Alzheimer’s is Optional- https://theenergyblueprint.com/alzheimers-is-optional/?inf_contact_key=1ce1ba0bffff1a5182017aad9e1ca2d12ee8e4b705a211e22edd8f4baaa26cc6
Here is a link to his book on Alzheimer’s – https://www.amazon.com/End-Alzheimers-Program-Protocol-Cognition/dp/0525538496

New Product at MHOF – bitters

There is a large body of research that explains the value of bitters as a digestive aid that will help strengthen our entire digestive system. We have a new product available for your purchase. Our bitters blend has dandelion root, burdock root, yellow dock root, wormwood, tulsi (all from our farm) and organic purchased angelica root. The herbs were steeped in organic vodka for a t least two months. Bitters are best taken about 10 minutes before each meal to stimulate the digestive juices. Our 4 oz. bottles go for $20. If you are taking pharmaceuticals, it is wise to check with your health care provider before using digestive bitters.

A friend told me the other day that now that she is taking a squirt of our bitters before each meal, she has experienced much improved bowel function!

Time to sign up for the Fall Share

We have 70 shareholders lined up for the fall and at this point are looking to take on a total of 80. So, only ten share spaces still available. Now is a great time to sign up for 4 more weeks of great food. The greens are growing nicely in the fields and we are starting the process of storing the crops like onions, potatoes and winter squash.  This is a large share. What you can’t eat right away you can save for December and January. Enjoy!

Great Health Tip from Daughter Ellen

Re: Top 10 Tips for COVID Immunity – https://conta.cc/44uIRTm

In Ellen’s monthly newsletter. Read ahead for this wise advice for all of us.

Workshops at MHOF

Two more workshops coming up this fall

Food Preservation with Many Hands Organic Farm – only 5 spaces left
Saturday, September 16, 2023
10 am – 2 pm with pot luck lunch at noon
Many Hands Sustainability Center
411 Sheldon Road, Barre, MA

We preserve hundreds of pounds of food each year enough to fill 7 freezers, 400 mason jars, a root cellar, and cupboards with dried foods. Join us at the height of the food preservation season to preserve our way through the day. We will freeze vegetables, can tomatoes and grape juice, make applesauce, start some lacto-fermented sauerkraut, dry some herbs and garlic and discuss best methods for canning, freezing, drying, lacto-fermenting, and root cellaring. At lunch time we will share a pot luck lunch.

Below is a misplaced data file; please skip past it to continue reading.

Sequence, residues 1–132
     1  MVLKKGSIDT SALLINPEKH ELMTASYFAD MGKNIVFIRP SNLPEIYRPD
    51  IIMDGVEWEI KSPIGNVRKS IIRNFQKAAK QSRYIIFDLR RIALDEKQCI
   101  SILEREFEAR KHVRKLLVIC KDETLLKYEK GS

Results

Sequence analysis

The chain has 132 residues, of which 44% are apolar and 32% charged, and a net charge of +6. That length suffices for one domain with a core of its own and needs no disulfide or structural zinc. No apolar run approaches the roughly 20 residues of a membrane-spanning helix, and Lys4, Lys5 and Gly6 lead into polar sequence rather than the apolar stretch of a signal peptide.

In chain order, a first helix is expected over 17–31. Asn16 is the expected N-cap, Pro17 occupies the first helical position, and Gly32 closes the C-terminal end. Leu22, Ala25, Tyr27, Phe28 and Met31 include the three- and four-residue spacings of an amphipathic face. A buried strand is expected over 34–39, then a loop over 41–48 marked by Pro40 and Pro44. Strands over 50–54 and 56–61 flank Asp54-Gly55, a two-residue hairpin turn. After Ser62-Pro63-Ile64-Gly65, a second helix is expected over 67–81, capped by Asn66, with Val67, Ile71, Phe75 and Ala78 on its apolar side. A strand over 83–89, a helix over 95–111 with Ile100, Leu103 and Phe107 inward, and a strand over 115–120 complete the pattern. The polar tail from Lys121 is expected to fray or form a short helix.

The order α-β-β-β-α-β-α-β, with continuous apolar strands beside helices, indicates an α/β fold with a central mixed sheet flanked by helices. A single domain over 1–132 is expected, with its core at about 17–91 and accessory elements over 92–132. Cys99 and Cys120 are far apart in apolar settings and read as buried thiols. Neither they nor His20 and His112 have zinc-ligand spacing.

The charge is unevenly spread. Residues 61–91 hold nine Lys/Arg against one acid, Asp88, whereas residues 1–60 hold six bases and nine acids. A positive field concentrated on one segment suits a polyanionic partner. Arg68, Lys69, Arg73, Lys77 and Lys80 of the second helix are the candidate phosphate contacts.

Limit – 20 participants. We now have 15 registrants.
Price for workshop: $50-$100. Register here

Hedgerows for Food and Diversity; Agroforestry on Farms and Homesteads October 7, Jono Neiger to lead; 10-3 with pot luck; $50-$100
Jono came over on Saturday and we did a great dive into what we will cover at the workshop. This will be a great workshop to take a look at how best to incorporate perennials in our farms, gardens and landscapes.

Price for workshop: $50-$100.

Register Here

Farm Doin’s

The week sped past in a blink of the eye. The CSA was extra large this week because we have so many items to pick right now. On the side we were able to harvest another 5 beds of now Soraya potatoes – close to 100 lbs. per 60 foot bed. Best potato year ever, hands down. We have been picking away at three beds of cabbage for the fall share, getting it weeded (lots of pesky bindweed), and almost mulched. Beans are slowing down now, so we will free up over 4 hours per week. We planted spinach for the fall share. We cleaned up after the chicken slaughter and moved our 100 turkeys into now four houses. We harvested the grapes that reside on the house deck, made grape juice and then a new product. After drying the grape seeds and slurry left after running the juice through the Foley food mill, we laid it out on sheets to dry in the Excalibur for 48 hours and then ground it up in the food processor. Grape seed extract powder – to go into Jack’s and my health drinks each day, and maybe I will sell some, or give it out as Christmas presents. Two batches of canned tomatoes – they are now available for sale at $8/quart.

Bindweed has completely taken over the yellow and blue hoop houses. Carlos and Clare and I spend a hot hour one morning getting about ½ of one house cleaned out – this is a work in progress that needs to be completed before we can plant the houses to fall lettuce and greens. Friday we harvested all the secondary ears of corn from our first crop and froze them. Food preservation is bearing down on us, necessitating some long days to complete this work in a timely fashion. The foundation for the chicken house got poured.
Now with less staff and more food to pass out, work on weeding and some mulching will have to fit around corners. Welcome to beautiful and bountiful September.

It poured rain Wednesday morning!

Sam’s brother Austin came to help on Saturday morning with girlfriend Nora.